[Last Call] Learn about multicloud storage options and how to improve your company's cloud strategy. Register Now

x
?
Solved

C++ Builder newbie ?

Posted on 1998-09-01
5
Medium Priority
?
398 Views
Last Modified: 2008-02-01
I am a moderately experienced C programmer with a good basic understanding of C++ in a DOS environment.  I am learning Borland C++ Builder and would like some help with string conversions.

I simply want to be able to use the VCL standard "AnsiString" you get from a text field, etc. with regular C conversion functions, such as atoi() or _ltoa().  Is there a data member of an AnsiString I should access, or are there VCL conversion functions I should use instead?

Example:

long Calc1=1.3, Calc2=0.25;

Control->Text=(_ltoa(Calc1/Calc2));  // Simply won't work

Thanks much in advance!
Terry
0
Comment
Question by:tchris
[X]
Welcome to Experts Exchange

Add your voice to the tech community where 5M+ people just like you are talking about what matters.

  • Help others & share knowledge
  • Earn cash & points
  • Learn & ask questions
  • 2
  • 2
5 Comments
 
LVL 2

Accepted Solution

by:
duneram earned 200 total points
ID: 1171839
in windows we typically use wsprintf something like this

First you should use float or double for your 'calc variables' otherwise they will be truncated

so (I'm just using c for this example)

float calc1=1.3;
float calc2=.25;


wsprintf(Control->Text, "%f", calc1/calc2);

This says the answer will be stored as a string/text in floating point format and to div the two for an answer and store the answer in string format in Control->Text;


0
 
LVL 1

Author Comment

by:tchris
ID: 1171840
Great!  Thank you... How about going the other way?

i.e.

long Val1;

Val1 = atol(Control->Text); // Nope...

Thanks,
Terry
0
 
LVL 2

Expert Comment

by:duneram
ID: 1171841
you could use sscanf or if val1 was float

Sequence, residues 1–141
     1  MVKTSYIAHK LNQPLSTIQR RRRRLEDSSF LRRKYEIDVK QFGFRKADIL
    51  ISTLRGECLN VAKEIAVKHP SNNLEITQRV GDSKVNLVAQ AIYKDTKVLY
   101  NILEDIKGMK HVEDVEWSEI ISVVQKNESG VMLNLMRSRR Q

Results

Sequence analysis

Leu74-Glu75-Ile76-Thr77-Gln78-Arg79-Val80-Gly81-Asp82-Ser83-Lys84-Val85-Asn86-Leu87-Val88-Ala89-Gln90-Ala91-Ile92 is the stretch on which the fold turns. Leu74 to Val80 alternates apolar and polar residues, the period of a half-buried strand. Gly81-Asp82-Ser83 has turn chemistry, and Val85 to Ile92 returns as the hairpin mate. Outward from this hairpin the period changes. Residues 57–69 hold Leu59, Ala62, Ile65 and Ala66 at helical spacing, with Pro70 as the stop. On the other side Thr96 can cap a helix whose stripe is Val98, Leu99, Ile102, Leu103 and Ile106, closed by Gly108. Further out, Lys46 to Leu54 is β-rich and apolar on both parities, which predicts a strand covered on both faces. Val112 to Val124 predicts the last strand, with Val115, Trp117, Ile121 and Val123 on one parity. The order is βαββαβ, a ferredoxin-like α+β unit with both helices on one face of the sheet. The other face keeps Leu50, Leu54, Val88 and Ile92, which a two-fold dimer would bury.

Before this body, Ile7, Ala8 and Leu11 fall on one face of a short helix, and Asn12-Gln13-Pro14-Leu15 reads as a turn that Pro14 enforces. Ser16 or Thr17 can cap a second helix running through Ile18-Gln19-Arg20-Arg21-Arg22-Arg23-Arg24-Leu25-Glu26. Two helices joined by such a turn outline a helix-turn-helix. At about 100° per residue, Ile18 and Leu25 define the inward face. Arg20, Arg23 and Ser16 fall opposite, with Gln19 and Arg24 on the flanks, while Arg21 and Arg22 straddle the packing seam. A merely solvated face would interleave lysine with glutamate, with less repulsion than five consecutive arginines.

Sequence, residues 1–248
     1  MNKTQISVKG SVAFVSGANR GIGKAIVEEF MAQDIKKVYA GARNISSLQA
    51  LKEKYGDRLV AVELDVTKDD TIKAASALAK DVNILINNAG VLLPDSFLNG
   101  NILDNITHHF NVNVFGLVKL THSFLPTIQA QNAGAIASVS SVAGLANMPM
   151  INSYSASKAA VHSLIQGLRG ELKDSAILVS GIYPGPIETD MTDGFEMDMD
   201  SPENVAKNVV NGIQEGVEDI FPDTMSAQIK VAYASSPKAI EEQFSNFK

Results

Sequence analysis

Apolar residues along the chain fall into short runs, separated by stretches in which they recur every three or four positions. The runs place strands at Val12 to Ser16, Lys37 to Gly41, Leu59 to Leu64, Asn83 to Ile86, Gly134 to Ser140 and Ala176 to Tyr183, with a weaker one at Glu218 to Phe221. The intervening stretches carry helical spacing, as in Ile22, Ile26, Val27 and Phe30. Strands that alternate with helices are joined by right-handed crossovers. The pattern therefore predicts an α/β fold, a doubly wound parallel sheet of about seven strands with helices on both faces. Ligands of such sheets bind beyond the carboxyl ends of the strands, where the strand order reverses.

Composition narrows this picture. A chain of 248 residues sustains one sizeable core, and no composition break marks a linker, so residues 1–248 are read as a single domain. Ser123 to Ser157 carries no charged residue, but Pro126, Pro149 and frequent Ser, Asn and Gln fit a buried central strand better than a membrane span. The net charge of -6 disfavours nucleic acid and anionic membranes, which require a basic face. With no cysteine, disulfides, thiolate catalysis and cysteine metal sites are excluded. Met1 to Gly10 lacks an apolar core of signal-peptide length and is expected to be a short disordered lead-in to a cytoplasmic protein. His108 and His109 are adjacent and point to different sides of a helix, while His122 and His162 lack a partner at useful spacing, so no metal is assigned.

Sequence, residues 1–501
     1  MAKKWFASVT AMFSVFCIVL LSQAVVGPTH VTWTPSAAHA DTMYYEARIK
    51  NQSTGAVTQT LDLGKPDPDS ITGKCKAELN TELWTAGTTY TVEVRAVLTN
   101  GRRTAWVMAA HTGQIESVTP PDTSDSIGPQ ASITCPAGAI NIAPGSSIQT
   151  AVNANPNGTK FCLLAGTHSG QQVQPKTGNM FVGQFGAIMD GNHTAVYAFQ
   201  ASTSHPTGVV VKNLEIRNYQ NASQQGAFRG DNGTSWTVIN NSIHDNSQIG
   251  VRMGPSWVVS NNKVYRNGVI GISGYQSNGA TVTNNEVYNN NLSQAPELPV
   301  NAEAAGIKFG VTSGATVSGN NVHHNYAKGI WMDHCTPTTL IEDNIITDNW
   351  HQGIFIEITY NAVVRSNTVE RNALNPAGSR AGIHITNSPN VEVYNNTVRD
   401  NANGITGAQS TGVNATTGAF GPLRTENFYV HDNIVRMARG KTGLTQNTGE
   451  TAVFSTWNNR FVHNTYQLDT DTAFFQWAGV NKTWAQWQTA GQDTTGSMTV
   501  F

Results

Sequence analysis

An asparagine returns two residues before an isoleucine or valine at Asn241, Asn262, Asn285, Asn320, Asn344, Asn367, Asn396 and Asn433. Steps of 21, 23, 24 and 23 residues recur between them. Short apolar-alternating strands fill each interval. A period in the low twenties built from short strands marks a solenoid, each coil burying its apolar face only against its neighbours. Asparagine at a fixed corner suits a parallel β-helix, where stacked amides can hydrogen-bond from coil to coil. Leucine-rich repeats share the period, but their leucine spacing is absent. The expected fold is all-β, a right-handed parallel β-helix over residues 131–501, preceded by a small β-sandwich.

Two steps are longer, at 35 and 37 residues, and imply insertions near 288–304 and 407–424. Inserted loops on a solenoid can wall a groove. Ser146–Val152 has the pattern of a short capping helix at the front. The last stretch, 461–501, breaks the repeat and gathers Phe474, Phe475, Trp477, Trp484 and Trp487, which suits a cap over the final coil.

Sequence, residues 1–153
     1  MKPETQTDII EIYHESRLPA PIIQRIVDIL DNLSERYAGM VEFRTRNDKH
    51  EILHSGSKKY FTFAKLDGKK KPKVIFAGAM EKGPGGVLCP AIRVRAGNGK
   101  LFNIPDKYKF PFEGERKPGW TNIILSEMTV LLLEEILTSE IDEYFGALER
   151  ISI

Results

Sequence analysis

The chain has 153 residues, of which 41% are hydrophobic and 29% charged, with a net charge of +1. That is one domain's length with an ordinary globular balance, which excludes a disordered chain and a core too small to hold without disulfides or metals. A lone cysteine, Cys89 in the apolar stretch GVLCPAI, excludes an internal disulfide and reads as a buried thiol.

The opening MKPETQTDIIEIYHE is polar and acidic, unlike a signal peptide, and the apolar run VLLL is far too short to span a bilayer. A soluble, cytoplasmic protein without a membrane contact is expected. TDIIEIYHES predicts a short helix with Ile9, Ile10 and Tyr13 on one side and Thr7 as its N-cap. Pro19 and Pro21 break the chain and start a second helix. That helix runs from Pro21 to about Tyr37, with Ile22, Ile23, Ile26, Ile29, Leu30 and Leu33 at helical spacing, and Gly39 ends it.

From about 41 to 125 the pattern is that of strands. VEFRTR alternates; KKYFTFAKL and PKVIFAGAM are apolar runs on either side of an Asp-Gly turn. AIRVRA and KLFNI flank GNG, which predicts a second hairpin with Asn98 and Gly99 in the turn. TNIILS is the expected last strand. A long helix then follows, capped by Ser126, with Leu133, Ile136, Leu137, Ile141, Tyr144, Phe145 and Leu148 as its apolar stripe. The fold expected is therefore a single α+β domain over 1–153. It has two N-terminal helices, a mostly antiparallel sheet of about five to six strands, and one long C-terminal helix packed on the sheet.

val1 = atof(control->text);


0
 
LVL 1

Author Comment

by:tchris
ID: 1171842
Thanks for the effort, but that doesn't work.  There is a VCL method called GetTextBuf() that allows you to access the actual char* for the text.  This allowed me to send it on through the atol() mill for further processing.

Also, as an aside, I used a different approach for the floating point-to-AnsiString conversion than you provided:

long Value1;
char buf[32];

_ltoa(Value1,buf,10);
AnsiString ABuf(buf);  // A constructor is provided for this...
Control->Text = Abuf;

It proved to be rather simple once I found the constructor.

However, since your answer got me in the right direction, I am happy with the answer anyway.

Thanks!

Terry
0
 

Expert Comment

by:dj1encore
ID: 1171843
I have no problem in doing it that way but how about getting the text from the user and manipulating it?

but to answer your answer try

Control->Text = atol(Buffer);


0

Featured Post

What’s Wrong with Your Cloud Strategy ?

Even as many CIOs are embracing a cloud-first strategy, the reality is that moving to the cloud is a lengthy process and the end-state is likely to be a blend of multiple clouds—public and private. Learn why multicloud solutions matter in this webinar by Nimble Storage.

Question has a verified solution.

If you are experiencing a similar issue, please ask a related question

Errors will happen. It is a fact of life for the programmer. How and when errors are detected have a great impact on quality and cost of a product. It is better to detect errors at compile time, when possible and practical. Errors that make their wa…
Many modern programming languages support the concept of a property -- a class member that combines characteristics of both a data member and a method.  These are sometimes called "smart fields" because you can add logic that is applied automaticall…
The goal of the video will be to teach the user the concept of local variables and scope. An example of a locally defined variable will be given as well as an explanation of what scope is in C++. The local variable and concept of scope will be relat…
The viewer will learn how to use the return statement in functions in C++. The video will also teach the user how to pass data to a function and have the function return data back for further processing.
Suggested Courses

650 members asked questions and received personalized solutions in the past 7 days.

Join the community of 500,000 technology professionals and ask your questions.

Join & Ask a Question